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Budget 2019: What is Australia’s Cultural Policy?

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Last night’s federal budget documents offered stark insights into our nation’s culture by setting out Australia’s political priorities in financial terms.

In the absence of a written policy, how do these political decisions reveal the unwritten values that frame our cultural life? asks arts industry advocate Esther Anatolitis.

Surprisingly, identifying those values is much easier than you’d think.

Between last year’s budget and this year’s, our government have shown us that it understands cultural value primarily in military and colonial terms. This hasn’t just been manifest in the virtue signalling that peppers its rhetoric. It’s manifest in dollar terms.

Committing half a billion dollars to an unnecessary expansion of the Australian War Memorial is the biggest investment in a cultural institution in Australia’s history. Following justifiable outcry from veterans, Budget 2019-2020 has committed half that amount – $278m – towards improve the wellbeing of veterans and their families.

In dollar terms, this tells us that sensationalising the War Memorial with “live crosses to current defence personal as they go about their daily work” is twice as important as redressing poor physical and mental heath and the growing number of suicides among veterans.

It says a great deal about the political stance taken by the conservative media that a renewed three-year commitment to a specific ABC budget line item was reported as a “funding reprieve” by The Australian when the commitment was revealed yesterday afternoon. The Sydney Morning Herald called it “funding relief” and the Brisbane Times called it a “win”.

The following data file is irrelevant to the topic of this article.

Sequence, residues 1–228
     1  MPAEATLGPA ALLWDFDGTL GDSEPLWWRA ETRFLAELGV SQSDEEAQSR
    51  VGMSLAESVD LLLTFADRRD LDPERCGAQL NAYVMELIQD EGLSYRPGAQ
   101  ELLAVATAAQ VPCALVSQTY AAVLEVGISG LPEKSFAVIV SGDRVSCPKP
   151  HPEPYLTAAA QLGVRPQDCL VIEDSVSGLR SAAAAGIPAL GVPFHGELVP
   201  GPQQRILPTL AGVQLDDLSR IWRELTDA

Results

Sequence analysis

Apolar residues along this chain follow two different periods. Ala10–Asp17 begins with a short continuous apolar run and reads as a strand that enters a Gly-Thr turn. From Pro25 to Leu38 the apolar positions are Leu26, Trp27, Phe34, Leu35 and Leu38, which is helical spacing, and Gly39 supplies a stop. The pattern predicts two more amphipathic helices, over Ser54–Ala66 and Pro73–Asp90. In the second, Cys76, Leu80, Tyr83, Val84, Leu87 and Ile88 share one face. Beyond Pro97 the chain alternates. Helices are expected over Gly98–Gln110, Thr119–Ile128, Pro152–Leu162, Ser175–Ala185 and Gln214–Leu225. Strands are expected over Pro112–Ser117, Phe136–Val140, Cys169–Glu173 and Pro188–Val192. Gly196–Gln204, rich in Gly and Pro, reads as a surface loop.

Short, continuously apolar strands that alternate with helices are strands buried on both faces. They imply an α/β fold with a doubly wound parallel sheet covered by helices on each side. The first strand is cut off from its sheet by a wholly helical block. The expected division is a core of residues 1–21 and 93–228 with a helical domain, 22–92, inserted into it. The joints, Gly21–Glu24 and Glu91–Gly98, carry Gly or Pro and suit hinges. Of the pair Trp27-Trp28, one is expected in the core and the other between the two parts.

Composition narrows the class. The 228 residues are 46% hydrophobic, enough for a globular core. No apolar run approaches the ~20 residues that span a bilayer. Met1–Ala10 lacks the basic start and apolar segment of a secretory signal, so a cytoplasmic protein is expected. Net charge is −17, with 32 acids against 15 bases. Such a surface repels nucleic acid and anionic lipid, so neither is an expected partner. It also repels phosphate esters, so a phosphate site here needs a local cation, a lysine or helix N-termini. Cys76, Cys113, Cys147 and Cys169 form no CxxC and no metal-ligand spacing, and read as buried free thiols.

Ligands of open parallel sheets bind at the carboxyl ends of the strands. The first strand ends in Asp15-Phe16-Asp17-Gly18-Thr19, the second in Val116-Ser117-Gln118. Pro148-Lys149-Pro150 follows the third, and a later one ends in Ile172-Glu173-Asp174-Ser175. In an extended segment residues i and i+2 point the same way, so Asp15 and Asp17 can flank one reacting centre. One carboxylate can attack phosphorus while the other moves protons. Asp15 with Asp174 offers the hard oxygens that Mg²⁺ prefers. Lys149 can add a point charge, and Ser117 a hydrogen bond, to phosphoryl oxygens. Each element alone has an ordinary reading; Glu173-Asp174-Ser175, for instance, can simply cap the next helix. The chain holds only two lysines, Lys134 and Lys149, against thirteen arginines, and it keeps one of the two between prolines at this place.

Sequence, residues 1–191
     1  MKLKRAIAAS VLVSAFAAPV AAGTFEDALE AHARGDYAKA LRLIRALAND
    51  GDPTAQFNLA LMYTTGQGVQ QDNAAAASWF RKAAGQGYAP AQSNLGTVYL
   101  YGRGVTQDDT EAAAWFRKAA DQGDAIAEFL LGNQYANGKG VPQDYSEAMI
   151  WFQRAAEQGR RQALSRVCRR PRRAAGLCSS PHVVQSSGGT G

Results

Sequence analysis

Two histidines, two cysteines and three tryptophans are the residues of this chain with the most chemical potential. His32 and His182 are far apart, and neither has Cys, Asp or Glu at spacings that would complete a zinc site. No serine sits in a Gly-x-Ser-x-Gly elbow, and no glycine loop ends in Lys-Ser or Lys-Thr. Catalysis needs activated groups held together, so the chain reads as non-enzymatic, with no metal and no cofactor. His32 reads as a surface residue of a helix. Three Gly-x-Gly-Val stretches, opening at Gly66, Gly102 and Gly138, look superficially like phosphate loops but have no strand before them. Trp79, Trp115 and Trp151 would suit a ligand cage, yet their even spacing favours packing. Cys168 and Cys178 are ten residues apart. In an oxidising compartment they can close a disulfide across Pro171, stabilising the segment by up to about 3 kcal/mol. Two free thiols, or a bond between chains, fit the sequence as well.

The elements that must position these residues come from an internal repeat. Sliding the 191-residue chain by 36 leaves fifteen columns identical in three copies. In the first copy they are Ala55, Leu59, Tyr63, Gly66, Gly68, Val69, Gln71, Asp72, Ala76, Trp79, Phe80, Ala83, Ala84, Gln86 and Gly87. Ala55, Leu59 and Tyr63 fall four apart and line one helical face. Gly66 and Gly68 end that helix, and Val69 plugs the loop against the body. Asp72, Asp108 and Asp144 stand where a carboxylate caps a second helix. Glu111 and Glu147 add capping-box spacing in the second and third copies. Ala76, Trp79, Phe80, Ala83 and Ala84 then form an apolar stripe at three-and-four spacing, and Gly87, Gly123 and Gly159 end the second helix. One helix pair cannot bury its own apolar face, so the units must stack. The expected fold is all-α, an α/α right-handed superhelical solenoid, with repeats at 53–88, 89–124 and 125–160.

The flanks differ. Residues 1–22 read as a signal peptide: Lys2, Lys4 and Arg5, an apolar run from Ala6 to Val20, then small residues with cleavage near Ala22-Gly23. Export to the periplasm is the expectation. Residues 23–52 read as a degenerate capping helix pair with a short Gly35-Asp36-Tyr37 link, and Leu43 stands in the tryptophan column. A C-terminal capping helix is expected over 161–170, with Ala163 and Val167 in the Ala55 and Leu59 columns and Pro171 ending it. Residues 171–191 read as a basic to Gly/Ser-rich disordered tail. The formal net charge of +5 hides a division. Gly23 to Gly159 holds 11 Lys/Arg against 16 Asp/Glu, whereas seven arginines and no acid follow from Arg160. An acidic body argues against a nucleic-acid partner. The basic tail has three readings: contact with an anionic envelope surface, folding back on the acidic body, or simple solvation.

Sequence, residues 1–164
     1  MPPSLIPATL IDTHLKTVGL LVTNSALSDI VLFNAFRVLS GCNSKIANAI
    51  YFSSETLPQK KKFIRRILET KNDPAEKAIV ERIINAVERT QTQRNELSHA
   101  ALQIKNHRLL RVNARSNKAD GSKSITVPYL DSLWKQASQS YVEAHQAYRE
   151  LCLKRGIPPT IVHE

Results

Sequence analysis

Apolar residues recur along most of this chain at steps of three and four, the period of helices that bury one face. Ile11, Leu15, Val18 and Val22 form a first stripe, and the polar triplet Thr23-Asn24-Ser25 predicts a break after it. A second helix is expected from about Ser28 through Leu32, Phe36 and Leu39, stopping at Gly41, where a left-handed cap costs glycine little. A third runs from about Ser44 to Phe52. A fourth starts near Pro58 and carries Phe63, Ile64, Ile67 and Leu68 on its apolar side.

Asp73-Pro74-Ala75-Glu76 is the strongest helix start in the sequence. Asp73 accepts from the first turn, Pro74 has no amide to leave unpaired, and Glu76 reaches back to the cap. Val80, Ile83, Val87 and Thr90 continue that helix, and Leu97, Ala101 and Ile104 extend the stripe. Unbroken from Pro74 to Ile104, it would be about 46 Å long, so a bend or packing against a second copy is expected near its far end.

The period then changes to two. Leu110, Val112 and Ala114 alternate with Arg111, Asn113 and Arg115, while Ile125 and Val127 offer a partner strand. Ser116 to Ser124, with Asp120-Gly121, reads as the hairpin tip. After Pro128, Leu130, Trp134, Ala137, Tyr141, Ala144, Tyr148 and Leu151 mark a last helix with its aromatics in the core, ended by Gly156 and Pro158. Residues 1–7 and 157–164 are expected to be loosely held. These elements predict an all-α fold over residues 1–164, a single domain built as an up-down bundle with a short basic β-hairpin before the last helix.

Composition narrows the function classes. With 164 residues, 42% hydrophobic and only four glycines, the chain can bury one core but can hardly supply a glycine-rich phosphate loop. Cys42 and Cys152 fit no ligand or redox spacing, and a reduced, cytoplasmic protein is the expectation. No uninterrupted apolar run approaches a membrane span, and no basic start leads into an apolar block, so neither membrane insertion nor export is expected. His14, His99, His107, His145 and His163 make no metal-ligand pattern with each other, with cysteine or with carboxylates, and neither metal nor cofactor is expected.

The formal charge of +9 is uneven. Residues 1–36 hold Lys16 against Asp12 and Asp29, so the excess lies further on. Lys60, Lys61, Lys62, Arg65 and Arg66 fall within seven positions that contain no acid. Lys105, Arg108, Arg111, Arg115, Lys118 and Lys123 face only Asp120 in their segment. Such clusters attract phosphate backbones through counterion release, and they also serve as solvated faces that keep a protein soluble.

There is, in fact, no end to the funding freeze and no return of past cuts; this is just a three-year commitment to the ABC’s enhanced news service. Early reporting of budget details is, of course, signs of a leak. What this tells us about the Government’s values is that it understands the electoral value of ABC support enough not to make further cuts, but not enough to actively champion Australia’s most trusted public institution.

In choosing not to value artists, the Australian Government tells us a great deal about its own values.

Excellent public education, public health and public broadcasting: “these are the things that give our nation dignity”, said Wesley Enoch in responding to Budget 2019-2020 on ABC’s The Drum last night. “And the more you take away from that, the less dignity we have.”

Some arts announcements were hidden in other areas of the budget papers, which is itself an indication of how those areas of investment are understood and valued. The $1.5m investment in Dark Mofo, for example, is a tourism measure, as is the $50m commitment to unspecified “iconic tourism infrastructure”. Elsewhere, we find the already committed $85m for an Aboriginal Art and Cultures Gallery listed under Infrastructure, Regional Development and Cities as part of the Adelaide City Deal.